In the first of a 10-part summer series, The Standard looks at why Hamilton Kangaroos fans should be buoyant about the 2018 Hampden league season.
1: The key recruit
Tim Meulendyks adds class and experience to the Kangaroos’ midfield. The former SANFL footballer, who will impart his knowledge as an assistant coach, last played for his home club in 2014. Roos coach Matt Dunn expects Meulendyks to make a major impact. “His foot skills and ability to read the game are his key assets,” he said. “He is a comfortable 50-metre plus kick on both feet. He probably doesn’t kick it as far as his brother (Josh) but he covers the ground pretty well.” Smart decision-maker Tyrone Ross, another to return to the fold with TAC Cup and VFL experience, also has Dunn excited.
2: Tall timber
An influx of height in attack via the returning Hugh Douglas and recruit Charlie Nield will bolster the Roos’ spine. Dunn is hopeful the new targets will lift their goalkicking prowess. “Charlie kicked 60-odd goals in the Mininera (league) last year, and he’s another one around the 6’3, 6’4 mark, and getting Jack Hickey back out on the ground, he can play at either end and also in the ruck, will help and hopefully we’ll see a bit more of Adam Campbell this year,” he said. “Jandre Slabbert is another one who is around six foot three and while he probably plays most of his footy in the back half, he can go forward as well.”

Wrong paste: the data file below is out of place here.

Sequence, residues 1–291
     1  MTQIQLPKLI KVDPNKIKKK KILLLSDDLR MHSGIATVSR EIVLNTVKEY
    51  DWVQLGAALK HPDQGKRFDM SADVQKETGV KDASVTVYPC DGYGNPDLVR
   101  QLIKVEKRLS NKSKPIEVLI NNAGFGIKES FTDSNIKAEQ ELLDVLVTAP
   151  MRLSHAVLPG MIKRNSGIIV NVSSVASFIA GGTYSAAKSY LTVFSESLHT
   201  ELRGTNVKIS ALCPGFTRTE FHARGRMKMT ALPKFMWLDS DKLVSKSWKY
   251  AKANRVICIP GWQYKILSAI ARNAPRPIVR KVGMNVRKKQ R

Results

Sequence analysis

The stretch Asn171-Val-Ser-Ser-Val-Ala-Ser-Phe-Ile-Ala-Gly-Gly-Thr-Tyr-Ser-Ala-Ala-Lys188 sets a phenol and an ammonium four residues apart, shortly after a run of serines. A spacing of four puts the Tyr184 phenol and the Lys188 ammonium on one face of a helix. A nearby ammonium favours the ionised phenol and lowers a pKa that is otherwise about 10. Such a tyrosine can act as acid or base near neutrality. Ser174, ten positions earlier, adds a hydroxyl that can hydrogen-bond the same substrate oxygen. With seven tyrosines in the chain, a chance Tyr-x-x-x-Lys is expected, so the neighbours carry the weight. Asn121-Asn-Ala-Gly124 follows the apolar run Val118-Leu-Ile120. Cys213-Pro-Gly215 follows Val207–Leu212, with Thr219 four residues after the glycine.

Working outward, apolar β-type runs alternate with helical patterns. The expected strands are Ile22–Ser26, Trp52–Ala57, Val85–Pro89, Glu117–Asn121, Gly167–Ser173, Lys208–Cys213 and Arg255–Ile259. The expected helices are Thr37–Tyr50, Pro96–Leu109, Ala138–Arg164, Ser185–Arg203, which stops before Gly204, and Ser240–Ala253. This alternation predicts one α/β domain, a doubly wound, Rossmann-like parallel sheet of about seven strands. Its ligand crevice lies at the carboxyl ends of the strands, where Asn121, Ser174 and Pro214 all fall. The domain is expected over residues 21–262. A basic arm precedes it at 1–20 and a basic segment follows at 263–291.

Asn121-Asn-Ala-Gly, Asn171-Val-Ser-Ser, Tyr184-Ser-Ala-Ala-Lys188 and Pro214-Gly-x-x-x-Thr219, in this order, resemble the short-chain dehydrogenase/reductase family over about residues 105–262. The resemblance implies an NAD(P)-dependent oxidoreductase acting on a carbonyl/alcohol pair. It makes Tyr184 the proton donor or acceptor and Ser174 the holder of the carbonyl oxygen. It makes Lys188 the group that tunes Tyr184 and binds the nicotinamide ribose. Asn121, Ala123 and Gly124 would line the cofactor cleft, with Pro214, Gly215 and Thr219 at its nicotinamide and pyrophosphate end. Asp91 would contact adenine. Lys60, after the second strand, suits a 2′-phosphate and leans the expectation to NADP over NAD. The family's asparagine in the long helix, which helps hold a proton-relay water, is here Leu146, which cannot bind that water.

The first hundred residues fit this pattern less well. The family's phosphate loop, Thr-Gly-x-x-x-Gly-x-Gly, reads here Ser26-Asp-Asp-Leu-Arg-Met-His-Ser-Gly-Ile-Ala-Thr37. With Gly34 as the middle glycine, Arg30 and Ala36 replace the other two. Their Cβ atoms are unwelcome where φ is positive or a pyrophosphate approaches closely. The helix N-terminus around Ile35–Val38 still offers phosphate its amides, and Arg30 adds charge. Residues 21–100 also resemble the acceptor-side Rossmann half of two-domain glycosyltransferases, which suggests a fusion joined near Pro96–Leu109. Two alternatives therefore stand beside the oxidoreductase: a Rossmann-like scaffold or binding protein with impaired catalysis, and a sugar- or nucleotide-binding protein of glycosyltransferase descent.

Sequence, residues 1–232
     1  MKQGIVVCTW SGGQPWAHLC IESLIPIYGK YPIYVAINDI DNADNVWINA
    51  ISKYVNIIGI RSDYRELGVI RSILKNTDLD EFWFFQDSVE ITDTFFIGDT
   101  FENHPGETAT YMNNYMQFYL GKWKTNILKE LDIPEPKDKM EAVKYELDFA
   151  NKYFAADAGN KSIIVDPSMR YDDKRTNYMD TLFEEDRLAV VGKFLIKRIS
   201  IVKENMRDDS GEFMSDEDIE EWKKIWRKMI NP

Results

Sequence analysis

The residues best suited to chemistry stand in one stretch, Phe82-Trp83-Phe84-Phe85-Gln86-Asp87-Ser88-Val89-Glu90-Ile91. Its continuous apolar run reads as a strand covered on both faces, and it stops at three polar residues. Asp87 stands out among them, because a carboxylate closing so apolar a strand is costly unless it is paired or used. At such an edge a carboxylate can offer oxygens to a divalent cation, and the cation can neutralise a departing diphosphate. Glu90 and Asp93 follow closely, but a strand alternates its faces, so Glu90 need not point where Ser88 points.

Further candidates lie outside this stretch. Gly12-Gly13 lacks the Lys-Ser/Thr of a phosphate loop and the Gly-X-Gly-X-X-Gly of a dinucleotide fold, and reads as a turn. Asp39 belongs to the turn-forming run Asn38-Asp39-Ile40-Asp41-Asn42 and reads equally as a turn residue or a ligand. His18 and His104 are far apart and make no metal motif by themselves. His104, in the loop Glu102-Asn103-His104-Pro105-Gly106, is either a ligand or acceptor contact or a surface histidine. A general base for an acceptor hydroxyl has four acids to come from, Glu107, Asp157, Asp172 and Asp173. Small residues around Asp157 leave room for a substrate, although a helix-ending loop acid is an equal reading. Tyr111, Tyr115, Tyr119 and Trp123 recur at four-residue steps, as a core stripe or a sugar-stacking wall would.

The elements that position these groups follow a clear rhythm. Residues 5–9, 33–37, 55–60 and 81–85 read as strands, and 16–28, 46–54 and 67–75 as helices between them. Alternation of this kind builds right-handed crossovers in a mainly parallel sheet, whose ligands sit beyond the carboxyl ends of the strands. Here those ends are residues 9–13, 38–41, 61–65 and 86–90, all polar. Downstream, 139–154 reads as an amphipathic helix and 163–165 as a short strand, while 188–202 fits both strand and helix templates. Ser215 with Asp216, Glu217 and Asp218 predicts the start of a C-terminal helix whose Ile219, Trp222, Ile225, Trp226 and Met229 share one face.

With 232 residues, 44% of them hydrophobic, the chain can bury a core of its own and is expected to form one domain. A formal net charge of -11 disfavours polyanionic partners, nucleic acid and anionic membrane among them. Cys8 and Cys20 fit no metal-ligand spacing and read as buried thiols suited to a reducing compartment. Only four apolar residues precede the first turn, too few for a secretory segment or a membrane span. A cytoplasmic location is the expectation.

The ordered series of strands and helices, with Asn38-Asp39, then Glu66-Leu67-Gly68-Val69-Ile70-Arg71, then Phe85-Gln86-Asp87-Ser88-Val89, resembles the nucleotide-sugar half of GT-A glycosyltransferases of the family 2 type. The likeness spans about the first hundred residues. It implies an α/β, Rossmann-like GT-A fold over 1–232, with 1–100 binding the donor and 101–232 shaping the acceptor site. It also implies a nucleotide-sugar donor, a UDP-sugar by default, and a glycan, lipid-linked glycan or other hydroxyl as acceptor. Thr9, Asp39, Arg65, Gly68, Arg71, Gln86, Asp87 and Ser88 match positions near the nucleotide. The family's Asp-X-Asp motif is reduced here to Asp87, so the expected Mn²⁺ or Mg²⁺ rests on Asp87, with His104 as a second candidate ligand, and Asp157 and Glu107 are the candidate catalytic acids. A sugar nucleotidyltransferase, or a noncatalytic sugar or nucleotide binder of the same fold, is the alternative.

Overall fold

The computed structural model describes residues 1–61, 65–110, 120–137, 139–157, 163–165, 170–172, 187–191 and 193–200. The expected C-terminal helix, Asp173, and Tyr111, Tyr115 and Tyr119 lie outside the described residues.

3: The new kids
The Kangaroos hope the names Seth Fiegert, Rory Gill and Dylan Starkie become well known in Hampden circles in 2018. The teenage midfield trio have impressed Dunn. Fiegert played all 18 matches last season, while Starkie got a taste of senior competition. Gill, who was named best on ground in the under 16 grand final, also made his senior debut. “Both Rory and Dylan have got stronger builds,” he said. “Dylan is a smart footballer who works pretty hard and Rory is fairly fearless...and Seth is only a little fella but works really hard and loves the challenge.”
4: Stability at the top
Hamilton Kangaroos knew it would take time as a merged club to find their identity. But hard work off the field to build and promote their brand, coupled with a consistent leadership group, has delivered the desired results. “We want to be putting really strong foundations in place and we want to see a little bit of success now,” Dunn said. “We know it’s going to be tough with the way the teams at the top end have recruited and retained their players but we’ve got an aim that we want to be playing finals footy this year.”
5: Rising expectations
The time for the Roos to become a challenger is now. After little onfield success in their first five seasons in the competition, they must now show they’re not just making up the numbers. Teams can either thrive or dissolve under pressure? Which way will Dunn’s charges go? “We will have an expectation that we want to be a consistent team that plays well every week and those lapses we’ve probably been guilty of over the years, we need to overcome that,” the third-year coach said. “The teams at the top end of the table aren’t looking like dropping off, so we really need to start stepping up to the plate.”